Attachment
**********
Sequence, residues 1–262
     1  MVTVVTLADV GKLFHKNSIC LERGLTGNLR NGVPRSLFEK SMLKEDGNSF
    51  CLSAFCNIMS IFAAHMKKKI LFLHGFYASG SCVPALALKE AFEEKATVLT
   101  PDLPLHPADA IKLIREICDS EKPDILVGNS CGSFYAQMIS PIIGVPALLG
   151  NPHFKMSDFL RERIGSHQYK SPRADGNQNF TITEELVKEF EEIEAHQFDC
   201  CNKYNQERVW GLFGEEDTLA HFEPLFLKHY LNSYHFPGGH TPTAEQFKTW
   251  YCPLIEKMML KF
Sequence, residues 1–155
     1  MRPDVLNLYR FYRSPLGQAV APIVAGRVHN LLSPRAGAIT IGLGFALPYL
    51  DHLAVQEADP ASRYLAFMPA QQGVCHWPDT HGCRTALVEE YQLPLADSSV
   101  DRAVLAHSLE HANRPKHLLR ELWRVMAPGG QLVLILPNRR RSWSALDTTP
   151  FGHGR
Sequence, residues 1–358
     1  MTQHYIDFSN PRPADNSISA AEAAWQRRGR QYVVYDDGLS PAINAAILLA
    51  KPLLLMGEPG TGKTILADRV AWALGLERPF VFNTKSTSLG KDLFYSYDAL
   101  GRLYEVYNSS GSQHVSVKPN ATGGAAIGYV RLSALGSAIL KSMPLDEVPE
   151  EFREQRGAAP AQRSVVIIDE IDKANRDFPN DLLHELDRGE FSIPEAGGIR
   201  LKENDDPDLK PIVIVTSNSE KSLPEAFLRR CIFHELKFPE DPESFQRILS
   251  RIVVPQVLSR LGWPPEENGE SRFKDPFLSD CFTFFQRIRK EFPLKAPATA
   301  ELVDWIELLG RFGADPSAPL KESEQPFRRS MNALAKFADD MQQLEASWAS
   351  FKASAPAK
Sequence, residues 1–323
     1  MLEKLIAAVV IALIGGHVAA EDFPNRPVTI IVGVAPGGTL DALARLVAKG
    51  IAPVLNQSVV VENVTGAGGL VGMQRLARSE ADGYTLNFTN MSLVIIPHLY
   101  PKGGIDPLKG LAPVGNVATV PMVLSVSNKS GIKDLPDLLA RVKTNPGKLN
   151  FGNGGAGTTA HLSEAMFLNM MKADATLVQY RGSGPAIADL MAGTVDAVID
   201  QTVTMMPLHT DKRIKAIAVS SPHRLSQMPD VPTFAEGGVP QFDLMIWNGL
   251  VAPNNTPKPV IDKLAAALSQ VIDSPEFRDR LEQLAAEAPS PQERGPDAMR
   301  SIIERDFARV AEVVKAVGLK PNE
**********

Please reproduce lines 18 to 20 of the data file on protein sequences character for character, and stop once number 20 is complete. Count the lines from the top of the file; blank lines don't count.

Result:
   201  LKENDDPDLK PIVIVTSNSE KSLPEAFLRR CIFHELKFPE DPESFQRILS
   251  RIVVPQVLSR LGWPPEENGE SRFKDPFLSD CFTFFQRIRK EFPLKAPATA
   301  ELVDWIELLG RFGADPSAPL KESEQPFRRS MNALAKFADD MQQLEASWAS